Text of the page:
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Jason Bradbury in two places at once

Who said you can’t be in two places at once?
bradburyTV presenter, tech guru for The Gadget Show and Visiting Lecturer Jason Bradbury showed us how by delivering a virtual lecture for our second year ‘Group Project’ students using new robotic communication technology.
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Using a Double Robotics system, Jason was able to have a physical presence in front of our students, even though he couldn’t be there in person.
He presented his lecture, moved around the room and discussed creative new ideas with students, all from his base in London.“It is so exciting to be living in a time when technology enables you to teach an entire lecture theatre in person, despite being hundreds of miles away. Technological advances are improving our means of communication on a daily basis,” explained Jason. “I’m delighted to be able to deliver virtual lectures at the University of Lincoln as part of what is a very exciting project for the students.”

Jason’s lecture formed part of a module for second year Computer Science students, entitled My AI Ate My Homework. He tasked the students with a challenging new project – to design and develop an Artificial Intelligence (AI) system that is capable of passing the Turing Test.

The Turing Test was created by Alan Turing OBE, who was a pioneering computer scientist and mathematician and was instrumental in many technological developments during the 1940s. His work at the Bletchley Park codebreaking centre, where he lead a group to breaking the Enigma code, played a pivotal role in cracking intercepted coded messages that enabled the Allies to defeat the Nazis in World War II.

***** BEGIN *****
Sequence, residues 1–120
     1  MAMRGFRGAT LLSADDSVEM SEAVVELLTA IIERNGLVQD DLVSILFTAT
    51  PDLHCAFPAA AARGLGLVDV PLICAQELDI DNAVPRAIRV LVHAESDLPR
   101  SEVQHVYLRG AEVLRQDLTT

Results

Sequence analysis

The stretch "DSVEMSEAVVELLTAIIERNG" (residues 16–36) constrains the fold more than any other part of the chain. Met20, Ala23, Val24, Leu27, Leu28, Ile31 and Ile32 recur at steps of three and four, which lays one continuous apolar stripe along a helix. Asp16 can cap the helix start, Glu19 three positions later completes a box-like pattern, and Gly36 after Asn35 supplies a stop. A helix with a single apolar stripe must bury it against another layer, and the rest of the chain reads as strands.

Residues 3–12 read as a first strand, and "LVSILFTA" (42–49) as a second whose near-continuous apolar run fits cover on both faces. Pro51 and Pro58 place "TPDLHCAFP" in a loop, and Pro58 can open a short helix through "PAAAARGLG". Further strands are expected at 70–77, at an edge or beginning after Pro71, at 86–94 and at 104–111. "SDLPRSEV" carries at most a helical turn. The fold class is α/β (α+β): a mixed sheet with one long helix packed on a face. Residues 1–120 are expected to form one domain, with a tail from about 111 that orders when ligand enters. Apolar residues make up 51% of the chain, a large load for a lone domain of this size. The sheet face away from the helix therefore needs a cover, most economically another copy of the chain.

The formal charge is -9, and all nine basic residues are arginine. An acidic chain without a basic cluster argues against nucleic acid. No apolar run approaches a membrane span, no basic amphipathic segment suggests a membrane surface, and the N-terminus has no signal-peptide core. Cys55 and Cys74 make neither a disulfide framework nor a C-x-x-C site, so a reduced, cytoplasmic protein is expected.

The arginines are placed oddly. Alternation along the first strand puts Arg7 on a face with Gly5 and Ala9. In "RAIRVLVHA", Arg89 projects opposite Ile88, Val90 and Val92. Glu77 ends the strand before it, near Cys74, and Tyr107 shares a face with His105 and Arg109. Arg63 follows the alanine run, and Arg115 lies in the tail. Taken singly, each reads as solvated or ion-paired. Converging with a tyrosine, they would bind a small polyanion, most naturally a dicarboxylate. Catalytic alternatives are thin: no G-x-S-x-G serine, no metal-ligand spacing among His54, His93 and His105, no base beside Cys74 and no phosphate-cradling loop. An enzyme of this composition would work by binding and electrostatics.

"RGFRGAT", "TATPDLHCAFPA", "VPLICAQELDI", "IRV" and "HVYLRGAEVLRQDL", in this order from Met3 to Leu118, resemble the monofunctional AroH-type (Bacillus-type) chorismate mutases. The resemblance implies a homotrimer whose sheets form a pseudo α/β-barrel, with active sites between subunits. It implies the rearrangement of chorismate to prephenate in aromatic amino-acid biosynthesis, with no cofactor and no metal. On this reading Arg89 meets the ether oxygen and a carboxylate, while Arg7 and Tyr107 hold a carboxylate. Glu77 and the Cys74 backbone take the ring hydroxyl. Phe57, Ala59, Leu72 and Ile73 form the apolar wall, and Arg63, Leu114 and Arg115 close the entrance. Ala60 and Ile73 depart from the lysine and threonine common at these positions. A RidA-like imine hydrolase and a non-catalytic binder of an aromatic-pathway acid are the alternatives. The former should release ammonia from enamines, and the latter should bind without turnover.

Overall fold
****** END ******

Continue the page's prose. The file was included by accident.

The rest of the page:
The Turing Test is a test of a machine’s ability to give the perception of ‘intelligent behaviour’, or to make itself indistinguishable from a human being. Thus, the student’s project would be to create a system which would make people believe they were interacting with a person, when really they’ve been responding to an AI robot.

Bruce Hargrave, Senior Lecturer in Computer Science at the University of Lincoln, is leading the module. He said: “Turing proposed that for a machine to pass his test, a human must be unable to tell if he or she was communicating with another human or with a machine. In computer science, the interactions between humans and robots are important areas of study and it is fascinating to explore what it is that distinguishes human behaviour from that of a machine. We are inviting our students to build their own machine with the ability to do just that – appear human.”Suggestions for the type of systems that could be developed by the students include an online agony aunt, a social media communicator, a fortune teller and a fast food ordering service.

The students will submit written proposals before developing their systems, with the aim of exhibiting them in public later in the year.